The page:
Israeli Matzah Brei

What is matzah brei and why is it such a big deal during Pesach? It’s probably not a surprise to you that food options during Pesach can be limited. Matzah, however, is everywhere! Matzah brei has become a staple in many homes throughout the holiday, an easy and quick way to have a satisfying breakfast (or brunch or even dinner!).

Traditional matzah brei is a combination of matzah and eggs, fried with butter in a pan. You can choose to go the sweet or savory route depending on your mood.

Here at Israelibox, we have to add an Israeli twist to our recipes. I love adding fresh Israeli berries, walnuts, silan and even tahini as toppings to make it a more filling and festive meal. My kids love it too!

When eating this matzah brei, you’ll get the feeling that you’re sitting in Israel, celebrating Pesach together with us. After all, we do say “Next Year in Jerusalem” at the end of the seder!

Here’s my recipe for Israeli style matzah brei. You’ll love it, I promise.


4 sheets of matzah

2 large eggs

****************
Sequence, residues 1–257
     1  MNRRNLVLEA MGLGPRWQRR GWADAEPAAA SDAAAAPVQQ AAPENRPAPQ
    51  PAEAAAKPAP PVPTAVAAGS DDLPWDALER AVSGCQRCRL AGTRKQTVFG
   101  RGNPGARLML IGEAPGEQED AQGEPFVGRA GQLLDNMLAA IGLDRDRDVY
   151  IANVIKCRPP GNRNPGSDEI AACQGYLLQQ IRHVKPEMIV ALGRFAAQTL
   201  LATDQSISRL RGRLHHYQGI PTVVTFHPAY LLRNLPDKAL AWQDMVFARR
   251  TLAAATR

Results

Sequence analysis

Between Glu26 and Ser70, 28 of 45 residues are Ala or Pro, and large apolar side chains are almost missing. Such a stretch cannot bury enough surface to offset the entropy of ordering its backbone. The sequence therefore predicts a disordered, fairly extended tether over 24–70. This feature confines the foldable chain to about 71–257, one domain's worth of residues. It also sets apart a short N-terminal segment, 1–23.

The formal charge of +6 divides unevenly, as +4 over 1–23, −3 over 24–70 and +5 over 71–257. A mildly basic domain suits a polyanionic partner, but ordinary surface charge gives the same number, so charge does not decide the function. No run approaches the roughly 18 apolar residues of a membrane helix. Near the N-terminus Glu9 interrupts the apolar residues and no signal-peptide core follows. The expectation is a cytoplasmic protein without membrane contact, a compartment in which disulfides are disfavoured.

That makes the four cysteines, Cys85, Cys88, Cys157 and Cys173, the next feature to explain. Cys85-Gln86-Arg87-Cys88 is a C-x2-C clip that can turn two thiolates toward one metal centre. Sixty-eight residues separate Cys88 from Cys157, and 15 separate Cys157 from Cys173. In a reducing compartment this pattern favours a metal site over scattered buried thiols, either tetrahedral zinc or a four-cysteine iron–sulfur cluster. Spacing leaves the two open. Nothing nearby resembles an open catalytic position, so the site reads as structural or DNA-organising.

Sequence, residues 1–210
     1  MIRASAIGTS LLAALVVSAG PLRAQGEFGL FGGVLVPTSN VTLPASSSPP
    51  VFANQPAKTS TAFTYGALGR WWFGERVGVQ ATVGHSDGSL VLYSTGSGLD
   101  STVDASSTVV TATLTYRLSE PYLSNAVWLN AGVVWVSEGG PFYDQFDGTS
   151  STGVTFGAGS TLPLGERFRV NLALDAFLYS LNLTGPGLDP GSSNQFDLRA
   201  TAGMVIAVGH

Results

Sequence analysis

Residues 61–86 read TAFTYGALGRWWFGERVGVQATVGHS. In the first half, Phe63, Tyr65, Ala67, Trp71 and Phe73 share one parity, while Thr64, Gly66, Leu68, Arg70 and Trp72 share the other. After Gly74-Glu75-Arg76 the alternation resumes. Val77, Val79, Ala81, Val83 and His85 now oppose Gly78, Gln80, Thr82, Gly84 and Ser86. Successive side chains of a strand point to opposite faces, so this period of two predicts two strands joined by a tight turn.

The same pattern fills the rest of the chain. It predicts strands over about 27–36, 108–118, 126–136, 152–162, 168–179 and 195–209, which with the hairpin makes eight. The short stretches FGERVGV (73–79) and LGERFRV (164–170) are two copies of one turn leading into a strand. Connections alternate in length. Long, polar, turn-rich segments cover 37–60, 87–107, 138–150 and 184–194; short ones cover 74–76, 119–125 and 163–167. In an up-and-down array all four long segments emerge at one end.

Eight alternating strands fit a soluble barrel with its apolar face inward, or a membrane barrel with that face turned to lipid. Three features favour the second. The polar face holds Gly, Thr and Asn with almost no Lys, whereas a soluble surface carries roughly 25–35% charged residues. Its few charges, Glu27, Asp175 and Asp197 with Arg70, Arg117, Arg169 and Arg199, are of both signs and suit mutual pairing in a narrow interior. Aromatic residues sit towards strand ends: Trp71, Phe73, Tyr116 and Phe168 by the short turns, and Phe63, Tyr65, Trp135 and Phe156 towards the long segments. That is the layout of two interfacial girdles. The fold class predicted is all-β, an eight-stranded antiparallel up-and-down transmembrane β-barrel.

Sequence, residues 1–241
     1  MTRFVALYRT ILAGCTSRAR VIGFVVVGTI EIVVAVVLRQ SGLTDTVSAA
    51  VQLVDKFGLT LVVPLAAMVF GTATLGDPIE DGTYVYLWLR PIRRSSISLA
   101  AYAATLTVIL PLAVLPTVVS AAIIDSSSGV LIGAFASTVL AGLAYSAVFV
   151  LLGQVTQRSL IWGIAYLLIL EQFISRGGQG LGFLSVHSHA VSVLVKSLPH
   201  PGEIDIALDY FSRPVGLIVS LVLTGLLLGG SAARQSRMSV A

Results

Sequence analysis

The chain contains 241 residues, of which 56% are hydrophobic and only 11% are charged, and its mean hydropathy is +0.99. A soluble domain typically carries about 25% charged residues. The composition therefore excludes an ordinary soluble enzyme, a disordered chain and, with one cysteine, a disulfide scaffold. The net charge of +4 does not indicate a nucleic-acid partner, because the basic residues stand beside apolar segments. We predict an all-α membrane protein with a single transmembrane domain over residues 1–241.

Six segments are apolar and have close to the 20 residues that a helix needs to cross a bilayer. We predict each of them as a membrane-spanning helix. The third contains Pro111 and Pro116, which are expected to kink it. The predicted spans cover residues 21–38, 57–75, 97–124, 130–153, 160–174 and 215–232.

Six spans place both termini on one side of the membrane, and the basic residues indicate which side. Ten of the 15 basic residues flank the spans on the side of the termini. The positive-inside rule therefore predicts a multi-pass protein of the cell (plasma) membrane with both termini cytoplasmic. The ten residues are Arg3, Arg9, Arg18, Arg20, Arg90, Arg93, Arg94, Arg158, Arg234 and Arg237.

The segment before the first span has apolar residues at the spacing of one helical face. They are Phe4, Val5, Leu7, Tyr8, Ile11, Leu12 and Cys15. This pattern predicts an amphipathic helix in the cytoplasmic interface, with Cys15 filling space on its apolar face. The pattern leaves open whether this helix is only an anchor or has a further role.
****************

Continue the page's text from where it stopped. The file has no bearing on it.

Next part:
2 tbsp. unsalted butter

1 cup + 2 tbsp. milk (any you choose)

1 tbsp. sugar

4 dates- pitted and chopped

4 berries of choice- sliced

¼ cup walnuts

Silan, honey or maple syrup


A bit of orange juice


How to:

  1. Melt butter in a pan and add the chopped dates. Mix occasionally and let simmer for approximately 5-10 minutes.
  2. Get your matzah ready in the meantime. Beat the eggs in a bowl with the milk, the orange juice, salt and sugar (to taste).
  3. Break the matzah into ½-1 inch size pieces. Add the milk mix and stir well. Let the whole thing rest for about 30 seconds (you can leave it for a bit longer depending on how crunchy you like your matzah brei).
  4. Combine with the egg mixture and mix.
  5. Add the walnuts to your date mixture until they are toasted (about 30 seconds)- transfer to a bowl.
  6. Heat more butter in your pan. Add your matzah-egg mixture and stir constantly until your eggs are cooked. Add the walnut/date mixture and remove from heat.
  7. Top with all of the good stuff I mentioned above: berries, silan/honey and tahini.
  8. Enjoy!!

Pesach doesn’t have to be full of boring foods that lack taste. Here are some of my favorite Pesach recipes that will add an Israeli touch to your seder table:

Israeli Matzah Ball soup (we call it Knaidlach!)

Tomato and Potato Salad– we love tomatoes here in Israel and make sure to feature them whenever possible in our cooking!

The BEST Pesach brownies! You’ll never believe these are Kosher for Pesach

Israeli charoset with Lithuanian roots

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